Panthers ‘Part Ways’ With Head Coach Ron Rivera
News comes with disappointing season for the team
The Carolina Panthers parted ways Monday with Ron Rivera, the team’s fourth and most successful head coach, three-quarters through a season that started with promise but has bogged down in a four-game losing streak and a season-ending injury to its quarterback and star, Cam Newton. The team named defensive backs coach Perry Fewell interim head coach.
The decision wasn’t entirely unexpected, although most followers of the team expected owner David Tepper to make a coaching change at the end of the season. But Tepper, who purchased the Panthers from Jerry Richardson in July 2018, told reporters two weeks ago that he would not accept long-term mediocrity. His comments came a day after a dismal 29-3 loss to a two-win Atlanta Falcons team; on Sunday, the Panthers lost 29-21 to the Washington Redskins, another team with only two victories before it played Carolina.
Both losses were at home before plenty of empty seats at Bank of America Stadium.
“I believe this is the best decision for the long-term success of our team,” Tepper said in a release by the team. “I have a great deal of respect for Ron and the contributions he has made to this franchise and to this community. I wish him the best. I will immediately begin the search for the next head coach of the Carolina Panthers.”
Tepper implied that the team’s lack of recent success—the Panthers suffered through a 7-9 record last year after a playoff appearance in 2017—was in part a product of organizational structure. He said in the release that he would take “a comprehensive and thorough review of our football operation to make sure we are structured for long-term sustained success,” and that the team would hire an assistant general manager and vice president of football operations. He did not specifically mention Marty Hurney, the Panthers’ general manager, rehired in 2018 and with 18 years of experience in the Panthers’ front office.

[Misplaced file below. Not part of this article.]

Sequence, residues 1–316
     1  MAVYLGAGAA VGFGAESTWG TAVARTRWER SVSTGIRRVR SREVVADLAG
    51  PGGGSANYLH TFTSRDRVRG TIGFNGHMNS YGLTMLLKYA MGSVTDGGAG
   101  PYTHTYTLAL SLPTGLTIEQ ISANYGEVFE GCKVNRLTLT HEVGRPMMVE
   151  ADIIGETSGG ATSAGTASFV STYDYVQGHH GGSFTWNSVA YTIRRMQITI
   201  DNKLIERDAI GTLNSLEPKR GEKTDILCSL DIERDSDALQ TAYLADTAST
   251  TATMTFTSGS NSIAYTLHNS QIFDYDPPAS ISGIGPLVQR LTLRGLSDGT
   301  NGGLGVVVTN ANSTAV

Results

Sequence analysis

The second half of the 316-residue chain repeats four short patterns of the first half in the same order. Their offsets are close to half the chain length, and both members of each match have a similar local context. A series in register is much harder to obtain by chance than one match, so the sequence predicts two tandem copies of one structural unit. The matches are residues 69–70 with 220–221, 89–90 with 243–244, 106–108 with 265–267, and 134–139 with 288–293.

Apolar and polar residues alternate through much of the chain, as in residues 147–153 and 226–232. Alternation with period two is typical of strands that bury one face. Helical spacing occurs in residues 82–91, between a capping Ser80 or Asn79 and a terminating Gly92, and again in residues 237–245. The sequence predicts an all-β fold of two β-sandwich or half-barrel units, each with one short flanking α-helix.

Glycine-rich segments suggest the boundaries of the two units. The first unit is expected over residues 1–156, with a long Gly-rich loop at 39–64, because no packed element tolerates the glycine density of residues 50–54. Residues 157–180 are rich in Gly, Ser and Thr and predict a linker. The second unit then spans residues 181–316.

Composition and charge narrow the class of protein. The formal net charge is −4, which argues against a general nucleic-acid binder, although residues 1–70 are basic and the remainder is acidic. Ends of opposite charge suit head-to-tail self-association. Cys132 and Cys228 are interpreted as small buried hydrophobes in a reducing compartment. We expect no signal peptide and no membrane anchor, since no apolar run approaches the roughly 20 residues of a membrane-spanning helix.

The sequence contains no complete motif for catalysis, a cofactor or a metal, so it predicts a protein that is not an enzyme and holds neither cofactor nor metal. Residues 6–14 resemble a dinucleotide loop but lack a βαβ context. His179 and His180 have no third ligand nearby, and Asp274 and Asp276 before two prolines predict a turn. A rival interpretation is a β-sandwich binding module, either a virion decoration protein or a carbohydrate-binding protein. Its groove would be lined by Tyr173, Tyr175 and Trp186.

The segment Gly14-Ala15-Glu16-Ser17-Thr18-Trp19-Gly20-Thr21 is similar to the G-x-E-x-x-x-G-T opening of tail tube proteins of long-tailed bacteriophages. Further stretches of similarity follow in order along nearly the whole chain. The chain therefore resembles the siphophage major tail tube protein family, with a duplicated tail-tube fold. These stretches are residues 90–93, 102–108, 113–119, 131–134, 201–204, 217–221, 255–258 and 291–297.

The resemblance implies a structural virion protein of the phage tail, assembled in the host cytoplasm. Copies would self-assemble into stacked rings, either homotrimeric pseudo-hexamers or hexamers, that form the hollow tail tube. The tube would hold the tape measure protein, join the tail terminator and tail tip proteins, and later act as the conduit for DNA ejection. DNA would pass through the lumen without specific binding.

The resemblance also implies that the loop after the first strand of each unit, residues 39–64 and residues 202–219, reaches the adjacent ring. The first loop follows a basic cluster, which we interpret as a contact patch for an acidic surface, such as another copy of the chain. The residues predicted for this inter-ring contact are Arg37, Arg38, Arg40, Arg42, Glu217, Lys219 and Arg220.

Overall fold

“We all must recognize that this is the first step in a process,” Tepper said, “but we are committed to building and maintaining a championship culture for our team and our fans.”
Rivera, a former Chicago Bears linebacker, compiled a record of 76-63-1 over his tenure; the team hired him in 2011, the same year the team made Newton its first-round draft choice. At .543, his winning percentage was the highest among head coaches in the team’s 25-year history, and the Panthers’ summit under Rivera was a 15-1 season in 2015 that culminated in a trip to Super Bowl 50.
But the Panthers lost that game to the Denver Broncos and have never come close to another Super Bowl. Newton, Carolina’s star quarterback and most celebrated player, started the first two games of this season, both losses, and was eventually placed on injured reserve with a foot injury. The team won four straight games with replacement quarterback Kyle Allen. But a 51-13 loss to the San Francisco 49ers on October 27 started a 1-5 slide to third place in the four-team NFC South.